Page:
Hairnets for Ladies

Hairnets were popular during the 1860s and came in a variety of styles. They could be quite upscale, depending on the material the hairnet was made of and the type of embellishments, or they were perfectly appropriate for less dressy wear.

There was also a broad age span of those who wore nets. Younger girls to mature ladies can be seen wearing them in period photographs. The social status of those wearing nets ranged from the upper working class to the highest social class.

Something else that we need to notice—nets were worn over neatly arranged hair. It was not simply a way to hide a bad hair day.

Some of the materials mentioned for both the net and the embellishments are: silk in various forms, velvet ribbon, gold fringe, gold stars, gold net, chenille, lace, blonde, imitation pearl beads, ornamental buttons, flowers, leather, jet beads, steel beads, gilt beads, various ribbons for ruching… get the idea.

The following quotes give you wonderful overview of the fashion advice of the day.

Peterson’s Magazine, December 1860
Nets are still worn both in negligee [informal attire] and full dress. 

Peterson’s Magazine, March 1861
Nets still continue to be worn trimmed with ruched ribbon, bows, or tassels.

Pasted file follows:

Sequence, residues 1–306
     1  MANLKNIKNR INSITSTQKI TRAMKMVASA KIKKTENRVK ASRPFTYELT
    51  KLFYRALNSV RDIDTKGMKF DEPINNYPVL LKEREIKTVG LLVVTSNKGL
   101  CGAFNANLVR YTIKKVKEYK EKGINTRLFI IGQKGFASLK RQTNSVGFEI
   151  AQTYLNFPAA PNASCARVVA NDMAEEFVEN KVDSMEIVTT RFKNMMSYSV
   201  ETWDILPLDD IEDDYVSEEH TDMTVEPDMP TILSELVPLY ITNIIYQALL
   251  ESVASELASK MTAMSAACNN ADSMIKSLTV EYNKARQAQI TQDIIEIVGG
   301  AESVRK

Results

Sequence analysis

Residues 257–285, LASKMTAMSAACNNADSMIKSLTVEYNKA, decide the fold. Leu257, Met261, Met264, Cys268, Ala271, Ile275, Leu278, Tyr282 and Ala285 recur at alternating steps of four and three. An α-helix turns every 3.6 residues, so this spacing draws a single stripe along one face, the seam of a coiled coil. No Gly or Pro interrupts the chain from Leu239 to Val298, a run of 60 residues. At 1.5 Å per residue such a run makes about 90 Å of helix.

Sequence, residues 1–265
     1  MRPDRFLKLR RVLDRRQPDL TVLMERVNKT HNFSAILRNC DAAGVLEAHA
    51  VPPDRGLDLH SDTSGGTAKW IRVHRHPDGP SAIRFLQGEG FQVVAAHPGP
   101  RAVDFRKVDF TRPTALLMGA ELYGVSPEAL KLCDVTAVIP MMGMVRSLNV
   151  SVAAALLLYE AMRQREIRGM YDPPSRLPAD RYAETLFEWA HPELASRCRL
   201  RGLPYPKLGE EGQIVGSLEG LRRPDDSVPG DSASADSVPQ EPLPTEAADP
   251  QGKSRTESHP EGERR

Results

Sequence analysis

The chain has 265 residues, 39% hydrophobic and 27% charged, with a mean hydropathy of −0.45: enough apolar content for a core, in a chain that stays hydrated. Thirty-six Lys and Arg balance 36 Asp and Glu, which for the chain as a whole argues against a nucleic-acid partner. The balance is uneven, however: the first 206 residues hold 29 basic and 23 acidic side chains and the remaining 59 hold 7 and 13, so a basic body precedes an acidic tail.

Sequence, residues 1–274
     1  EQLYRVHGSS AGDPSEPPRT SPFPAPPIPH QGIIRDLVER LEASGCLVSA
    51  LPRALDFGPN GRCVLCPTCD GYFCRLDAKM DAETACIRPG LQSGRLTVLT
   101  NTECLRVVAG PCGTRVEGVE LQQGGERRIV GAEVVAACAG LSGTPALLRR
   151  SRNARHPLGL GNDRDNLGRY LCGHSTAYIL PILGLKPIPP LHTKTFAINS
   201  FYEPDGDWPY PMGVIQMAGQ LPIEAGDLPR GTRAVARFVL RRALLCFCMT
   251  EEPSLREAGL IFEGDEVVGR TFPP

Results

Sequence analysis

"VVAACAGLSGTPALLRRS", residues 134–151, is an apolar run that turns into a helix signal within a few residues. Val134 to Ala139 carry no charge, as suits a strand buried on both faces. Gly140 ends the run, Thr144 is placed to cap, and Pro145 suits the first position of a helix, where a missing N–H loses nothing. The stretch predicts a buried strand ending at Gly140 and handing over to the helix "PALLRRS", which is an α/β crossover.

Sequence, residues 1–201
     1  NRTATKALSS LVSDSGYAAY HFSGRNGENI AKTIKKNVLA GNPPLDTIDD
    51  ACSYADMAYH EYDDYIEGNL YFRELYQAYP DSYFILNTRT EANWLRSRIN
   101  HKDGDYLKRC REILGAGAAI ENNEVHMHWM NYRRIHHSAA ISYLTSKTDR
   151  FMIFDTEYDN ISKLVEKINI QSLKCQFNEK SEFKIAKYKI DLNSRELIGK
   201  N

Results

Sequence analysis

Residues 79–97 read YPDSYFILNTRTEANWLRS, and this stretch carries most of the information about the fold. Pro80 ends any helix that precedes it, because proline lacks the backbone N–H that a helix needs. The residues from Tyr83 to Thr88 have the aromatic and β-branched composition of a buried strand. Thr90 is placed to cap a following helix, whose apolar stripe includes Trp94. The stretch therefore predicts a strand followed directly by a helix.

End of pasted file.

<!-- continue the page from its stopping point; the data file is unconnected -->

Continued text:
Godey’s Lady’s Book, May 1861
Nets for the hair are by no means laid aside; they are still very much worn in morning-dress, and also in evening negligee [informal attire or dressing gown]. Those made of colored chenille or velvet are very becoming; they are usually finished with tassels or rosettes. 

Godey’s Lady’s Book, December 1861
As there are still many ladies who value the comfort and convenience of the hair-net, and who are desirous of retaining it as long as fashion permits, we are very happy to comply with the wish of a subscriber, and give instructions for making the newest that has appeared, which is one that bears the name of the “Invisible Hair Net.” As its title implies, this net is scarcely distinguishable when worn upon the hair, as it matches in color, and is also remarkably fine and clear, the meshes being open.

Godey’s Lady’s Book, September 1863
A new style of net has been introduced. It is made of hair the exact shade of the wearer’s. It is netted over a fine mesh, which makes it almost invisible and very durable.

Peterson’s Magazine, November 1863
For morning wear, the nets which are so generally worn are all trimmed with a bow at the top of the head. This is an improvement upon the elastic which, when visible, was not a pretty object to contemplate; the informal bow now completely conceals the elastic.

Below are some original photos and fashion plates showing these handy little hair items.

A plain hairnet. Photo seen on eBay.

A net with a braided ribbon band. Frank Leslie's, 1864. 

Picture of a lady's fine hairnet as seen from the back.

A fancier net, worn with fashionable day or evening wear.

The Princess Alexandra of Denmark, wearing a fashionable net.

A net can also be paired with a hat.

Young ladies sore them too!

Just for fun, here is a picture of my daughter wearing one of the reproduction hairnets I offer in my shop. Now you can see how it looks in "real life!" :)

An 1860s reproduction hairnet

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